Tuesday, February 21, 2012

And there was a little pause . . . .

I should have known that there was a speed bump ahead when I made so much progress in January at using fabric from my stash!!  My Mom took a tumble two weeks ago and I've spent lots of time "waiting" here and there for this person and that person.  But when life happens, I'm glad I have my hand work organized as a quick fall back.  That totebag with my knitting which is always waiting by the backdoor got more attention than usual.  One pair of socks down and another in process!!  And my "big stitch" handquilting project was waiting to help me unwind every evening. 

Happily, Mom is on the mend and this past weekend my students in the Economy Stars String Piecing workshop I taught at the Lake Metroparks Farmpark Quilt Show helped me get back to my machine and some happy stitching.  The work they produced was inspiring!  

My goal for them was to use my quilts as an inspiration for their own pieces rather than copying my work exactly!  There were some interesting color combinations that grew out of their own fabric collections -- I love the way Diane graded the value of her diamonds so that the center of the star glows!

Kathy's background was going to be lime green but some auditioning with other possiblities resulted in a much better fit for the scrappy color combination she was using.

Jan's inspiration was a flowery assortment of discarded hospital gowns that her daughter rescued when she worked at a nursing facility -- they are destined for a charming wedding quilt.

I have to confess that when Phyllis announced she was using some red and yellows from her stash, I was skeptical -- I know that's a popular French Provencal combination, but I have trouble with how bright it is . . . but I was wrong -- she made a great top and I love how cheerful it is!! 

Diane worked out of my scrap bags -- they are very easy to access because I have my leftover strips sorted by colors!  There are six bags just waiting for someone to dig into them!  I set the stars with larger than necessary squares and triangles to make it easier to square them up by trimming them down.

Linda's version is the work of someone who has been quilting for a long time -- her fabrics were full of memories for both of us since I had sold many of them to her over the years!  Those blues and warm browns that were available in the late 1980's are still unbeatable in my stash!

If you wish you had taken this workshop, let me know.  I'm glad to offer it again! 

And now I have quilts to finish!!

Mary Huey

Wednesday, February 1, 2012

I'm smokin!!

Thanks to a productive weekend quilting retreat with lots of friends, I've used 31 yards during the first month of my "use it" challenge!  What a great start!!  That success is generating lots of momentum for me! 

I set twelve aging appliqued blocks into a top.  The blocks are made from kits that were available at dime stores in the mid-1900's.  They were started about 75 years ago by a friend who gave them to me about 45 years ago.  Each piece is appliqued using a buttonhole stitch with embroidery floss -- not my favorite pastime, but it's done!!  And I think it looks good.  I used a setting style and fabrics that would have been common in the 1930's when the blocks were started.  My thought at this point is to handquilt it -- outlining the appliques and filling the background with a simple grid.  Once the backing is together, I'll make the binding for it, put a note with my finishing ideas on it and add it to the shelf of quilts ready to be layered!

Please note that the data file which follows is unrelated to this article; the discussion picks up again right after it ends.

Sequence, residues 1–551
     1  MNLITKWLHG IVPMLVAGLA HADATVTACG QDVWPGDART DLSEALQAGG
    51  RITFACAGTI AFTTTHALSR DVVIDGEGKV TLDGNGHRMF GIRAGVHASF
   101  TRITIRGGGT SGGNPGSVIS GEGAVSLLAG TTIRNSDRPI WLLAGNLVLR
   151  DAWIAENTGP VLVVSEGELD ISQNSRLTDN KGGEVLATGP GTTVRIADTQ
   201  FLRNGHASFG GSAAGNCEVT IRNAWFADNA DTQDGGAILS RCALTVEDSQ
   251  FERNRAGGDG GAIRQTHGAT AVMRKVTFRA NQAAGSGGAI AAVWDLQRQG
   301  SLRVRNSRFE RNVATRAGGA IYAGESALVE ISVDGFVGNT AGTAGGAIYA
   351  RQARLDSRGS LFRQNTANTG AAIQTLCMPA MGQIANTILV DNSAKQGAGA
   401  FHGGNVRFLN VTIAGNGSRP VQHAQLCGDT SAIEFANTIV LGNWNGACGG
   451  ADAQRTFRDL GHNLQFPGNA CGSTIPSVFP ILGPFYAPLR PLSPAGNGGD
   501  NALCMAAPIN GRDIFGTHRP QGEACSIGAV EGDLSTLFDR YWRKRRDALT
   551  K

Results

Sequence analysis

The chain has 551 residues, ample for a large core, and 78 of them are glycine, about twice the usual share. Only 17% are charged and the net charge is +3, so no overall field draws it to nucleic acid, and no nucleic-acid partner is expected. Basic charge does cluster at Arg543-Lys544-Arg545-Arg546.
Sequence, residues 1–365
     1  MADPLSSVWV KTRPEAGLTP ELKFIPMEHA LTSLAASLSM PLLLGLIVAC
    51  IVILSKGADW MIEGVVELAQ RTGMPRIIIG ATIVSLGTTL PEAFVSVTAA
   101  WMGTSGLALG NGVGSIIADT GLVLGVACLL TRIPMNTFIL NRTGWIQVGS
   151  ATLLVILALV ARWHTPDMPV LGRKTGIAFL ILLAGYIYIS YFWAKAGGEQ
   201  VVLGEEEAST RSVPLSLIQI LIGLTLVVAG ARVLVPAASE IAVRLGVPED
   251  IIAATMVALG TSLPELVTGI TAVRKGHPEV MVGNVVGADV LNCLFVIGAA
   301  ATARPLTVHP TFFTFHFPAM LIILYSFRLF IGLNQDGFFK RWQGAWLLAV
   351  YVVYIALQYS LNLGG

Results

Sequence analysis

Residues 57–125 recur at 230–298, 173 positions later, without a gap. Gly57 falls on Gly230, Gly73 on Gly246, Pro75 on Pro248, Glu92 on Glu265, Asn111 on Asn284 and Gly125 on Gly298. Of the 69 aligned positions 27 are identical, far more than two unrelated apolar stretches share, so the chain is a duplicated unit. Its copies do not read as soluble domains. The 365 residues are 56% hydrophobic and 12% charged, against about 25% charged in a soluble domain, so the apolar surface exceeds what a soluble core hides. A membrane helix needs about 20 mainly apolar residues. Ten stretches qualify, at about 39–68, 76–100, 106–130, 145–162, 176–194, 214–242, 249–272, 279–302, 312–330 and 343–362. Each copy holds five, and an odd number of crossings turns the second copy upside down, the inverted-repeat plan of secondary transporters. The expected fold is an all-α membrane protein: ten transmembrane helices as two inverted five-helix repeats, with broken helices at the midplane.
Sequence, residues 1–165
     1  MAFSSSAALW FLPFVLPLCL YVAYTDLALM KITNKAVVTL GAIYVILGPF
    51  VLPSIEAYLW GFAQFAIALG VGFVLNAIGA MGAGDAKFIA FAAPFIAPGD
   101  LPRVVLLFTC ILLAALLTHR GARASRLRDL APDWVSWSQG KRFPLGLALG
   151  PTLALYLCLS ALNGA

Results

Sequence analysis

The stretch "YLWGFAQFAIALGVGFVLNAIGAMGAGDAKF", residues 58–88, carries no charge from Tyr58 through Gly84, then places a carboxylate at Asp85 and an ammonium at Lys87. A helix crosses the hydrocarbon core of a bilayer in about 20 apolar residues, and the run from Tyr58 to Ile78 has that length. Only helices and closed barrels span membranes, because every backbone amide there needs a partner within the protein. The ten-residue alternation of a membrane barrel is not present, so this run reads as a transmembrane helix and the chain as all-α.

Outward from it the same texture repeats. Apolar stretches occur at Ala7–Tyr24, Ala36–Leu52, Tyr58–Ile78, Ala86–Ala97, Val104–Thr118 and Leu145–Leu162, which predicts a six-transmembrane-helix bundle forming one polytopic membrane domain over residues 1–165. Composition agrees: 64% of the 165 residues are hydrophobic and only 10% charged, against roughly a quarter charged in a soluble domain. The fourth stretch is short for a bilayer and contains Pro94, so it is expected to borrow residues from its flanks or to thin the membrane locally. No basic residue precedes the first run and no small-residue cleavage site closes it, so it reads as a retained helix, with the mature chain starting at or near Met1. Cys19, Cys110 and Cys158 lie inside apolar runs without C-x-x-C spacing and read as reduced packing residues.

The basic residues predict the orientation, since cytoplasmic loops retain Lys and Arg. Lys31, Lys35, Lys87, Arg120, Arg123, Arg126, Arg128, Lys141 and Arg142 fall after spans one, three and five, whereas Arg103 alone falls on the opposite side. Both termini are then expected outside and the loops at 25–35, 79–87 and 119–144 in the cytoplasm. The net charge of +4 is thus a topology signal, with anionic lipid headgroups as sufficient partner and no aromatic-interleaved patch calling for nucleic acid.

These two little cuties are no longer a stack of half-finished blocks with no goal in mind.  They began life as a jelly roll that I used to demonstrate cutting log cabin blocks with Marti Michell's large Log Cabin ruler during a quilt show.  Now they are two small quilts (30" by 40") that will go to the community quilt project of the Chagrin Valley Quilt Guild.  I could have put them all into one quilt, but then that would have just become one more UFQ on my shelves.  There were two blocks left and I boldly threw them away, but I noticed that another gal "rescued" them to use for zippered project bags that she makes -- it has a clear front and holds all the supplies for handwork projects in one handy place for carrying here and there.

Since I returned home, I've made the backing for a queen size log cabin made with another of Marti's Log Cabin rulers and a large variety of fall prints.  I put the border on it this weekend and when I got home, plunged into the shelf of "big cuts" and found the perfect backing fabric -- lots of it too.  

I also spent some time machine quilting two small pieces for an exhibit in March and April -- more about later.  Everyone there made progress on projects!  Some were cutting out new projects that have been "sacred piles" in their stashes, others finished quilt tops, and others got back to works in progress.  One gal layered up 5 tops and has a good month of quilting ahead of her. 

If you can't get away for a retreat, set aside an afternoon and focus on what is at hand for the entire time -- I often say that it takes longer to get started than it does to finish.  When I make progress on a project, it generates positive momentum that is a big boost mentally as well as bringing me closer to a goal.  And before I leave the sewing room, I always plan and layout what I will do next.  That plan will make it easier to start up again no matter how exhausted I am when I have the time to sit down.

Time to sew!!

Mary Huey